An American soldier died Saturday from injuries suffered in the terrorist bombing of a West Berlin discotheque two months ago that led to U.S. airstrikes against Libya, military officials said.
The U.S. Army`s Berlin Command announcement said Staff Sgt. James E. Goins, a 26-year old infantryman from Ellerbe, N.C., died in West Berlin`s Steglitz Clinic.
Another American soldier and a Turkish woman were killed April 5 in the La Belle disco bomb attack that injured 230 others, including 64 Americans.
``The cause of death was due to multiple severe injuries he sustained from the bomb explosion,`` the army said.
Both his legs were amputated and he suffered lung and kidney injuries as well as burns over 25 percent of his body.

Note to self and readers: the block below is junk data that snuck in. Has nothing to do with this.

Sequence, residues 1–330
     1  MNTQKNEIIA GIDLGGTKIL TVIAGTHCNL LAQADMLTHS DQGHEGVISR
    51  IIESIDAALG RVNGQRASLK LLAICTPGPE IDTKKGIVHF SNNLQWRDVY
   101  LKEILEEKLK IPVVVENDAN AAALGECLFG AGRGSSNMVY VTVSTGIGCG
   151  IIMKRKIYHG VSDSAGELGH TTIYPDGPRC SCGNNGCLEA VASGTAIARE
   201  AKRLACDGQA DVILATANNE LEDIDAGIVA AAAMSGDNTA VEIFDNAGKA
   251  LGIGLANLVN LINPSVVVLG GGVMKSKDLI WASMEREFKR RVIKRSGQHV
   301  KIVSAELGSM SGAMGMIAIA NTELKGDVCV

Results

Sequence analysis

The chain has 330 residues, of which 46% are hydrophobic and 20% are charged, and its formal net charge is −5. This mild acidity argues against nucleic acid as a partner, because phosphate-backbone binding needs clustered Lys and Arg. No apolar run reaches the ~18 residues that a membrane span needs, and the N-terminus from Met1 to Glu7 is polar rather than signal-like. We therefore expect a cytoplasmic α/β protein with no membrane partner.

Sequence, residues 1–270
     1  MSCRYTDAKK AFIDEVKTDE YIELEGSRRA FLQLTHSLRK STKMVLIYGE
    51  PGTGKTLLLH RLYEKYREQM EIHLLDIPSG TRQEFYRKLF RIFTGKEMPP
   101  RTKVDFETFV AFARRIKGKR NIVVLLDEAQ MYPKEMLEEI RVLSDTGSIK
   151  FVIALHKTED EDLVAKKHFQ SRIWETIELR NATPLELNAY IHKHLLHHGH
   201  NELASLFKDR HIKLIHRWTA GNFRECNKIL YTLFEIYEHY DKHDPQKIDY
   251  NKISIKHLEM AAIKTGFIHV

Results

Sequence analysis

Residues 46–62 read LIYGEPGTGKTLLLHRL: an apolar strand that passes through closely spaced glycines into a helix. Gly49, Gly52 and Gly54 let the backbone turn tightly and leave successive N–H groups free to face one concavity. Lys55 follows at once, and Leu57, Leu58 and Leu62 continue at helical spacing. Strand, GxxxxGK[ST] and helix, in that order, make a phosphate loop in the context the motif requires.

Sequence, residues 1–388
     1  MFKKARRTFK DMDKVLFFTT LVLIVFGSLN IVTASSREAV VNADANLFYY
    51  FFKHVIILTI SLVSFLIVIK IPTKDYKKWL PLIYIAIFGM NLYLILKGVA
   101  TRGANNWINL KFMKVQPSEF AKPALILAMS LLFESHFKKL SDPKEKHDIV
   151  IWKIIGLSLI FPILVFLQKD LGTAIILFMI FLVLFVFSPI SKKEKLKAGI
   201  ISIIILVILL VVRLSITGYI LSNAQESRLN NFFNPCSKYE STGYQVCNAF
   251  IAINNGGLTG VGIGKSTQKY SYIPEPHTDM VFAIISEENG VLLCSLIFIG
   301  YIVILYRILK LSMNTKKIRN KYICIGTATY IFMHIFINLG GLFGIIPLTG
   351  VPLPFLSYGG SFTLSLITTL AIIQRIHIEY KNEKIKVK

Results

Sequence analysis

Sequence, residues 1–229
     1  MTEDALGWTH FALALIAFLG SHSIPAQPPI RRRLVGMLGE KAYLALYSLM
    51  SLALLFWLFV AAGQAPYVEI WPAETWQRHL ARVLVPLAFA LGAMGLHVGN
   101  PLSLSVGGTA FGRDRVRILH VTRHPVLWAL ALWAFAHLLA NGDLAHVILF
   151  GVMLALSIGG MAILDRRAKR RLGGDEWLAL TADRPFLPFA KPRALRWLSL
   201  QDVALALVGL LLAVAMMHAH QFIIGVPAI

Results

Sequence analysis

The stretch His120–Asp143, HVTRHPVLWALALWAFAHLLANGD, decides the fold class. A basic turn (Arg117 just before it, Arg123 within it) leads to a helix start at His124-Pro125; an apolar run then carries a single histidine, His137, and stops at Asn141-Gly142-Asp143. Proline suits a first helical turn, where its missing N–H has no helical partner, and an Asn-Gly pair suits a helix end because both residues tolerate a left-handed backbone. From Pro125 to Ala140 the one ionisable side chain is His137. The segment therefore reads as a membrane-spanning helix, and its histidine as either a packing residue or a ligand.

He is survived by his wife, Patrocina, who was at his bedside when he died, and a 5-year-old son, Carlos.
Goins had shown no sign of recognition April 30 when he was awarded the purple heart, which is given soldiers wounded in combat, by U.S. Army Europe Commander Gen. Glenn K. Otis, who pinned the decoration to Goins` pillow.
In retaliation for the bombing of the disco frequented by American soldiers, U.S. planes bombed the Libyan capital of Tripoli and the port of Benghazi on April 15.
Officials said the U.S. intercepted messages between the Libyan People`s Bureau in East Berlin and Tripoli that proved Libyan complicity. Two Palestinians are being held by West Berlin police on suspicion of complicity in the bombing.
They are Ahmed Hasi, 35, and Farouk Salameh, 33. A third Palestinian, Fayez Sahawneh, 34, was released but charges against him have not been dropped.
Hasi`s brother, Nezar Hindawi, 31, is in custody in London on suspicion of trying to plant a bomb aboard an Israeli airliner.